ALPA authorizes $2 million from union’s war chest to Midwest Airlines pilots
WASHINGTON, DC (September 11, 2008) - The Air Line Pilots Association, Int'l (ALPA) has allocated $2 million to support the Midwest Airlines pilots' fight to protect their jobs as they begin contract
WASHINGTON, DC (September 11, 2008) – The Air Line Pilots Association, Int’l (ALPA) has allocated $2 million to support the Midwest Airlines pilots’ fight to protect their jobs as they begin contract negotiations with an increasingly adversarial management.
In its September 10 resolution, ALPA’s executive board authorized the amount from the association’s Major Contingency Fund (MCF) for “strategic planning and communications programs in support of the [Midwest pilots’] contract enforcement and negotiating activities.” ALPA’s MCF, the union’s “war chest,” provides pilot groups the necessary resources to respond to threats to their jobs and to the piloting profession.
“The airline’s plan to outsource Midwest pilots’ jobs is the latest example of management’s systematic efforts to dismantle our airline,” said Capt. Jay Schnedorf, chairman of the Midwest pilots’ Master Executive Council (MEC). “Midwest pilots will not shrink from this fight. With ALPA’s financial support and the backing of all 53,000 ALPA pilots, we stand ready to fully engage in the fight to protect our jobs and hold management accountable for its contractual obligations to this pilot group.”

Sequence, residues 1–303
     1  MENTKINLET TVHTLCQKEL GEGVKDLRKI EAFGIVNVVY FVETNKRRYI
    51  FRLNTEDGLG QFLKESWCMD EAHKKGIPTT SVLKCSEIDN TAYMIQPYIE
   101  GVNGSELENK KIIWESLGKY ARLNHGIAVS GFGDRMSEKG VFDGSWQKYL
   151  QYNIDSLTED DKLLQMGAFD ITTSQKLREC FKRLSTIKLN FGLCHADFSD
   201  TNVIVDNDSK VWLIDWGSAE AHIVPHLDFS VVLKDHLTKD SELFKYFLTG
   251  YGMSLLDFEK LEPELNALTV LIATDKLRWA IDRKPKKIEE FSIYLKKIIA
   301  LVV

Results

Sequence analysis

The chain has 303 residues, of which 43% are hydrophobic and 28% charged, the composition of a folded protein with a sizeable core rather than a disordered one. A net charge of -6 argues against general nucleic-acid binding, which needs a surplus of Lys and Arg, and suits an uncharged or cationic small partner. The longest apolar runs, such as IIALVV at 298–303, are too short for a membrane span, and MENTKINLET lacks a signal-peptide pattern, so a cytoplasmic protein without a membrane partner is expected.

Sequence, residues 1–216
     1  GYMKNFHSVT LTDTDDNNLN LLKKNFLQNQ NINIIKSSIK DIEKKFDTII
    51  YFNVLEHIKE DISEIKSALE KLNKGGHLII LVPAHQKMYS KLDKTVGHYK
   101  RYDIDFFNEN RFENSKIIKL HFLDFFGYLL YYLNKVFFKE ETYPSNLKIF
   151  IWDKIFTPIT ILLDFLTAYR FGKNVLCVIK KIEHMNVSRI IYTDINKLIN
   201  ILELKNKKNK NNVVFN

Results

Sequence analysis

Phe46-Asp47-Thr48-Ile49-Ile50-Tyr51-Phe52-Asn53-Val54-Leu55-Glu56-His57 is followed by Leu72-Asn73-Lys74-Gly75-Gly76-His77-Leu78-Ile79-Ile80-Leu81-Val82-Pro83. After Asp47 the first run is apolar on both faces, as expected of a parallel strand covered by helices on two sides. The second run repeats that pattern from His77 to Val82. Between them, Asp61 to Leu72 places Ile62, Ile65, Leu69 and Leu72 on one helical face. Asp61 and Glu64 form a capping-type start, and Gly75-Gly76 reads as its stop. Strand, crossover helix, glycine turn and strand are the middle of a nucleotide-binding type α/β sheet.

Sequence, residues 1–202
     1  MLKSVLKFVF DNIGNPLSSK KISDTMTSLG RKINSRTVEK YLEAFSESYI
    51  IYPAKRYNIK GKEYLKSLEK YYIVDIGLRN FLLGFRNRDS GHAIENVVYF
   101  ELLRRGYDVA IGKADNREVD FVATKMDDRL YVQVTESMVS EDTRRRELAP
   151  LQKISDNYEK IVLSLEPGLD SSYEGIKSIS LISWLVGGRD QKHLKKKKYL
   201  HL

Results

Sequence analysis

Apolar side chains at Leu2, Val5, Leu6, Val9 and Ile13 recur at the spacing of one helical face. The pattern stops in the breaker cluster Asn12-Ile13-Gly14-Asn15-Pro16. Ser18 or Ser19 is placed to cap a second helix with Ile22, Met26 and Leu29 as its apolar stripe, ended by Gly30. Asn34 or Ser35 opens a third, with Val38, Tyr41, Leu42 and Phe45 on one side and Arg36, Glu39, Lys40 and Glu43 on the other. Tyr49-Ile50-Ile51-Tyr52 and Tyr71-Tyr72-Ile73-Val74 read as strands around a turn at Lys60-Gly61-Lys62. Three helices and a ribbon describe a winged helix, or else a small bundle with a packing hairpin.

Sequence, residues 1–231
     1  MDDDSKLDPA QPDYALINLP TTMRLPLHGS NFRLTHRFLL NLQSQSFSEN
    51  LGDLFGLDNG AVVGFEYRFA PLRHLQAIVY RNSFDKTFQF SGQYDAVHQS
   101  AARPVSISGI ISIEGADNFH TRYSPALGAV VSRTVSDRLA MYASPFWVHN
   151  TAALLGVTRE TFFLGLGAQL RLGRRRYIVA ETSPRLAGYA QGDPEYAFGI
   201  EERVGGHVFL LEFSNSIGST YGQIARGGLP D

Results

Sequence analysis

The Midwest pilots’ contract became amendable on August 31, 2008. They negotiated their first contract in February 2000, and three years later, provided millions in concessions to help save their airline from bankruptcy. Over the past four months, as the pilots prepared to address their contractual concerns through the negotiations process under the Railway Labor Act called “Section 6,” management again demanded outrageous concessions from the pilots. Most recently, Midwest announced that, in addition to its parking of all the MD-80 aircraft, it would now replace all but nine B-717s with smaller EMB 170s and outsource that flying to pilots from another airline as part of a deal with Republic Airways Holdings.